In light of the differences between the Australian and U.S. credit card markets, I’d expect a U.S. Star Alliance credit card to earn at similar rates to some of the other travel credit cards in the United States.
One of the major transferable point cards in the U.S. is the Chase Sapphire Preferred Card, which offers 5 points per dollar on travel purchased through Chase Ultimate Rewards, 2 points per dollar on all other travel and 3 points per dollar on dining. The Capital One Venture X Rewards Credit Card, a popular premium travel card, earns 5 Capital One miles per dollar spent on airfare booked through the Capital One Travel portal.
To be in line with the U.S. travel credit cards, a U.S. Star Alliance credit card would ideally offer 3 or more points per dollar on Star Alliance flight purchases. The card would likely also have other bonus categories, like 3 Star Alliance points per dollar for dining and 1 or 1.5 points per dollar on everything else.
A more lucrative sign-up bonus
Most premium credit cards in the U.S. offer sign-up bonuses that range between 50,000 and 150,000 points. The Aussie HSBC Star Alliance credit card doesn’t have a typical point sign-up bonus.
As discussed, new cardmembers earn Star Alliance Gold status for one year after spending $4,000 Australian dollars (about $2,670) on the card in the first 90 days of card membership. Cardholders of the Australian Star Alliance credit card must spend AU$60,000 (about $40,000) annually on the card to retain Gold status.
In the U.S., I’d expect a (potentially much higher) spending requirement to keep Star Alliance Gold status, but rather than offering Gold status as a sign-up bonus, I would hope for the traditional approach: Earn a certain number of Star Alliance points after spending a certain amount on the card within the first several months.
When the Capital One Venture X card launched last year, it offered a 100,000-mile sign-up bonus after you spent $10,000 on purchases within the first six months. I’d like to see a similar welcome offer from a U.S. Star Alliance credit card.
The US card will likely have a higher spending requirement for status
Unfortunately, we’ll probably see a higher spending requirement for Star Alliance Gold status if the card makes it to the U.S.
Let’s look at the competition. Right now, you can earn Oneworld’s and SkyTeam’s equivalent of Star Alliance Gold entirely through credit card purchases alone, but it requires significantly more than $40,000 in annual credit card spending to earn comparable status.
American Airlines Platinum status — which comes with Oneworld Sapphire — requires $75,000 of annual spending on a cobranded American Airlines credit card (except for the no-annual-fee AAdvantage® Aviator® Mastercard® which would require $150,000 of annual spending).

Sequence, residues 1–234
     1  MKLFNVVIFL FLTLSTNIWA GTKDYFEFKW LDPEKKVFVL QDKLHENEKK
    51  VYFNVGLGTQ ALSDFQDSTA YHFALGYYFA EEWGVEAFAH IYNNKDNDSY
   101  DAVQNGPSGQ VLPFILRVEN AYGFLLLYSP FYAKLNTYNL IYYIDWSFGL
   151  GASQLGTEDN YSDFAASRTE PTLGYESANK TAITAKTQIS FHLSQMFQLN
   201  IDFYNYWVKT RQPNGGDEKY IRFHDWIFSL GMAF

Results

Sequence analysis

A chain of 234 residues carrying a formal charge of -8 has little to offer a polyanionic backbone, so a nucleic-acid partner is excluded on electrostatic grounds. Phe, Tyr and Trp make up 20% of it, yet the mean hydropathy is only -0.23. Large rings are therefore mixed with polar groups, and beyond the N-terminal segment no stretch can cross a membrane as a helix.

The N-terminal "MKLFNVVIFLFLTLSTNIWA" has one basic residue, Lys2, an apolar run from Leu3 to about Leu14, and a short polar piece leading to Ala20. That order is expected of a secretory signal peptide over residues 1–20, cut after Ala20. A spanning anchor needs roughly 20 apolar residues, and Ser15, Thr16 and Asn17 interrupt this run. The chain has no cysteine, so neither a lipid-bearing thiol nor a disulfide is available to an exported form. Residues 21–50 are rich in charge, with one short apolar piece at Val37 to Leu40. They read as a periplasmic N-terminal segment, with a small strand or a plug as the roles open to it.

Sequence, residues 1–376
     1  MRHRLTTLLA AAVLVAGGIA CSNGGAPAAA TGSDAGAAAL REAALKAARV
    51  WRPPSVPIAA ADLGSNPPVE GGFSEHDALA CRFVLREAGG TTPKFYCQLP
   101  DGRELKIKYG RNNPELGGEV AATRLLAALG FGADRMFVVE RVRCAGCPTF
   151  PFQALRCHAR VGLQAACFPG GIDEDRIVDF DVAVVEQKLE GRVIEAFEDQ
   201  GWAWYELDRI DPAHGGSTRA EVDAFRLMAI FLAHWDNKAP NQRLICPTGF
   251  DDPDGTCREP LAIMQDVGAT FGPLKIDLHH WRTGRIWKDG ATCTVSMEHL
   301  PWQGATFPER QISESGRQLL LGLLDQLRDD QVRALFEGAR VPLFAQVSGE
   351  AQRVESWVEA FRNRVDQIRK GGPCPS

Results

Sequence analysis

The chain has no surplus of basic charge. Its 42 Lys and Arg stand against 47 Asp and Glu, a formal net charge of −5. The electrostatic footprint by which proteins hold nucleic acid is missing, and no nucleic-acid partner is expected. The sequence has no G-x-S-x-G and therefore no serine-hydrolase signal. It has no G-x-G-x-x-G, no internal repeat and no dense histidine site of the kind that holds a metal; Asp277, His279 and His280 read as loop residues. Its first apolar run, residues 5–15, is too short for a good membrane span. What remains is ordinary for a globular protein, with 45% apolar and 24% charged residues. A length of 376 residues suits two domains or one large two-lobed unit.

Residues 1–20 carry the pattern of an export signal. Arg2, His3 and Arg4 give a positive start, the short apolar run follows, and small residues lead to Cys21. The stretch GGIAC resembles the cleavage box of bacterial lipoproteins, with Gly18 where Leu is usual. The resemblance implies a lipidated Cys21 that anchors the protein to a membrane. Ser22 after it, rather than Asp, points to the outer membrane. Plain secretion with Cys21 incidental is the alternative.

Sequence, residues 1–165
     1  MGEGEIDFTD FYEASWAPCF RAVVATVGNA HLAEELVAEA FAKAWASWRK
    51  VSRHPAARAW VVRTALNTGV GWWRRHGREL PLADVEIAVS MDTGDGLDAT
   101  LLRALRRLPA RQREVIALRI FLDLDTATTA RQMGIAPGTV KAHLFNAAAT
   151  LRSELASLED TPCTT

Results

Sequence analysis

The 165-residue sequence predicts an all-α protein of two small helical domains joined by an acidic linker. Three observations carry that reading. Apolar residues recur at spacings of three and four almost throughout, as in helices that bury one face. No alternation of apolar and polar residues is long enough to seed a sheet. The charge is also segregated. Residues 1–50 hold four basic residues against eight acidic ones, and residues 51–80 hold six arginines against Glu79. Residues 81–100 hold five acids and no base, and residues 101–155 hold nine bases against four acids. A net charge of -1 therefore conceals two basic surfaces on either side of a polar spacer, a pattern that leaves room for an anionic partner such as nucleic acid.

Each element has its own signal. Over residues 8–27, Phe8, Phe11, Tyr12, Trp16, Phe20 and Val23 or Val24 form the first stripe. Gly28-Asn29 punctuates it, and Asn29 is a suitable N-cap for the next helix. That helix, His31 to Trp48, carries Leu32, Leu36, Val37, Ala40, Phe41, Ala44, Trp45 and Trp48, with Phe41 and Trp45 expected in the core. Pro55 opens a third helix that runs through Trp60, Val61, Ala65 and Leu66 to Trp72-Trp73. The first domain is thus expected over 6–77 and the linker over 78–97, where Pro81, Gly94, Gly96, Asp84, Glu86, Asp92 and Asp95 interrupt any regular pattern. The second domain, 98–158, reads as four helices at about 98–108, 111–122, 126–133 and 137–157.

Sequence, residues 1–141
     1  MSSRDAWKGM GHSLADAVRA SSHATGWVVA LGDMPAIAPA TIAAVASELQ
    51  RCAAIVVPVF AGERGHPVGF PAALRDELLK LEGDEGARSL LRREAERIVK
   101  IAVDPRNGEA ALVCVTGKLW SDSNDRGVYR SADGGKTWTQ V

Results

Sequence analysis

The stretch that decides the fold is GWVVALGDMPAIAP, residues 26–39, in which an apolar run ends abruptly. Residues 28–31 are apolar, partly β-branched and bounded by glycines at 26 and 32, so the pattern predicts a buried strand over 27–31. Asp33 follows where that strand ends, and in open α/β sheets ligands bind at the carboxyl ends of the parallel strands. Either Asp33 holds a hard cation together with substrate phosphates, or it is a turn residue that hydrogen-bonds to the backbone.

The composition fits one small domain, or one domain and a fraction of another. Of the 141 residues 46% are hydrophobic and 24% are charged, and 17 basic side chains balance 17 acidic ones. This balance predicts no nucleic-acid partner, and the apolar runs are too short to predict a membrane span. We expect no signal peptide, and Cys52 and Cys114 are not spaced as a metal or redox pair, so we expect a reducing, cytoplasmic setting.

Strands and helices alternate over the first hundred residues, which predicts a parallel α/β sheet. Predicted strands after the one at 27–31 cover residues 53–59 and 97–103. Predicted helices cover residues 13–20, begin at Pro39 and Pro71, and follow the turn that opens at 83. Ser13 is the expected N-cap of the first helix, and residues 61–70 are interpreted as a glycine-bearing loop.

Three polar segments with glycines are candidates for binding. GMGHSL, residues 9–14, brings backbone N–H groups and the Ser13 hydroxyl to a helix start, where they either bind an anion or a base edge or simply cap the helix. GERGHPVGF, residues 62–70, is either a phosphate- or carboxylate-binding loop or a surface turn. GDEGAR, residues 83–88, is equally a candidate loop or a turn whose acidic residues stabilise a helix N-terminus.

You can qualify for Delta Gold Medallion status — which comes with SkyTeam Elite Plus — when you earn 50,000 Medallion Qualification Miles. The Delta SkyMiles® Reserve American Express Card earns 15,000 MQMs for every $30,000 you spend on the card in a calendar year (up to 60,000 MQMs). You’d also earn a Medallion Qualification Dollar waiver after spending $25,000 on the card. In turn, you need to spend $120,000 on a Delta Reserve card to earn Gold Medallion status.
While an American-issued Star Alliance credit would likely earn Star Alliance Gold status, it wouldn’t surprise me to see a $75,000-plus annual spending requirement.
This card is an appealing alternative to earning status outright
With Star Alliance Gold status, the Star Alliance credit card could be an appealing alternative to pursuing status by flying, particularly since it’s getting harder to qualify for Star Alliance Gold with airlines like United. Cardholders are entitled to a status like United Premier Gold or Aeroplan 50K just for holding the card and spending the equivalent of $40,000 per year.
Star Alliance Gold status includes the following benefits:
- Priority reservations waitlist.
- Priority airport standby.
- Gold Track security.
- Increased baggage allowance.
- Priority boarding.
- Airport lounge access.
- Priority baggage handling.
- Priority airport check-in.
- Upgrades to Business First class on the Heathrow Express.
Some Australians may want to pick a program like United MileagePlus or Air Canada Aeroplan for their elite status, as both programs have a partnership with Virgin Australia that allows for reciprocal points-earning, lounge access and other benefits.
When comparing the Australian Star Alliance credit card with United’s suite of Chase cobranded credit cards, the AU$450 ($300) annual fee is closest to the $250 annual fee of the United Quest Card. The United Quest card provides no Star Alliance benefits, so if it’s offered in the U.S. at its Australian price point, the Star Alliance credit card could be a game-changer, especially with its transferable points and Star Alliance Gold status through a program like MileagePlus.
While the Star Alliance credit card is only offered in Australia for now, we’re pleased to see another transferable points currency come to market through a program that lets you earn Star Alliance status without flying.
Star Alliance has chosen Australia to launch its new Star Alliance points program and HSBC cobranded credit card. Australia is a “safe” market for Star Alliance as its credit card does not compete with any home airlines. At the same time, a handful of Star Alliance members have partnerships with Virgin Australia, offering reciprocal elite benefits.
I’d love to see a similar Star Alliance cobranded credit card come to the U.S., with improved points transfers and higher earn rates.